Passenger Memories, My Trip To Chicago

My name is San Jacobs. I’ve lived in South Florida for many years as a reporter and since then an editor of one sort or another at the Miami Herald. However, I grew up on the north side of Indianapolis and I always lived and/ or went to school near the Monon tracks.

The first place I lived around the end of WWII was just north of Fall Creek. The tracks ran behind the house on the other side of the street, so I got use to seeing trains at a very early age.

Later we lived in Broad Ripple and for a time I went to School 80, which was also across the street from the Monon tracks. Every day at about 12:45 p.m. we would be on the playground after lunch and a southbound passenger train would go by. Everybody ran over to the side of the playground to see it even though it looked the same every day.

Still later I went to North Central High School which also was close to the Monon tracks.

My biggest thrill came when I was 10 and my mother took me to Chicago on the Monon. I remember that we left from Boulevard Station on 38th Street at about 8 a.m. and got to Dearborn Station just before noon. We wound up on the track right next to one of the famous Santa Fe trains, although I don’t remember which one.



 The one thing I remember from the trip north was that the tracks in the town of Monon* went right down the center of the street. I didn’t think I had ever seen anything like that before. We came back the next evening. I remember that we had dinner on the train and made a point of ordering soup to see if it would spill. I didn’t.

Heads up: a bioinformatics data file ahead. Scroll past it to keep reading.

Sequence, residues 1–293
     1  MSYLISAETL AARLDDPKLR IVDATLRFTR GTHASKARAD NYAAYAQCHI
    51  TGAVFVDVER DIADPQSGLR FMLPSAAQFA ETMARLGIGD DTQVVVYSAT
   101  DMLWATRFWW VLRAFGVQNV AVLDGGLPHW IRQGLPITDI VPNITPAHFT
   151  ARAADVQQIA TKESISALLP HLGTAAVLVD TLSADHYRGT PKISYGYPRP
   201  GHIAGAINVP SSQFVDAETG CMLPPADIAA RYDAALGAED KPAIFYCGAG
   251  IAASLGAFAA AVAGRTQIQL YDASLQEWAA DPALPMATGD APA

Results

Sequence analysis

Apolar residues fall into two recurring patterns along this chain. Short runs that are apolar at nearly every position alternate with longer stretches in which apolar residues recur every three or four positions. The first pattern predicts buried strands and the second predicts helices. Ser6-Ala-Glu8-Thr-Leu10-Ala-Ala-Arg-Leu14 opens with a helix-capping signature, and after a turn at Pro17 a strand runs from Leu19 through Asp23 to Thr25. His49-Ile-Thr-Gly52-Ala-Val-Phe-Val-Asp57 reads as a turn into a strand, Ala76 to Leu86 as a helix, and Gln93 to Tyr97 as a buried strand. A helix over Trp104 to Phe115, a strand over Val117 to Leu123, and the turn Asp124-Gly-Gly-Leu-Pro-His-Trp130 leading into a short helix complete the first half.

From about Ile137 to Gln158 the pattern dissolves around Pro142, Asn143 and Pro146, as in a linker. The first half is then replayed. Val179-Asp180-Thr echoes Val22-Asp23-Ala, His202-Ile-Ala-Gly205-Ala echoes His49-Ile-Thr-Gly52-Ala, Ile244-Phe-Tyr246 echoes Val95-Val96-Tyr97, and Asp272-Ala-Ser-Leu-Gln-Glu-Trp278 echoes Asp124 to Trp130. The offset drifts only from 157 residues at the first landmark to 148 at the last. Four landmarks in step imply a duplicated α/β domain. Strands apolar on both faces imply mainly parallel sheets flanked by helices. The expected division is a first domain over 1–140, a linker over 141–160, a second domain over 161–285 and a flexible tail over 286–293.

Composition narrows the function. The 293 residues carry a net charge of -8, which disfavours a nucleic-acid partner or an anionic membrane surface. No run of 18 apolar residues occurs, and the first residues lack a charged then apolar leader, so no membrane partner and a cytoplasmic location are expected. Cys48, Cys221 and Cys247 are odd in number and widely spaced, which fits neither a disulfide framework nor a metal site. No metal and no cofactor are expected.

By the time I was at IU in the early 1960s, passenger service between Indianapolis and Chicago had been canceled but there was still one train a day each way on the other line that went through Bloomington. A lot of my friends who lived in the Region would take it home for vacations.

I remember that the northbound train left Bloomington at about 12:15 p.m. and that people would complain if their professors wouldn’t cancel classes, which meant they had to wait until the next day. (I guess students didn’t routinely cut classes those days like they do now.)

*Editor’s note: We believe that Mr. Jacobs was speaking about Monticello and not Monon. The tracks did run through the center of the street in Monticello.

Sam Jacobs as written in The Hoosier Line, Volume 28, Number 2

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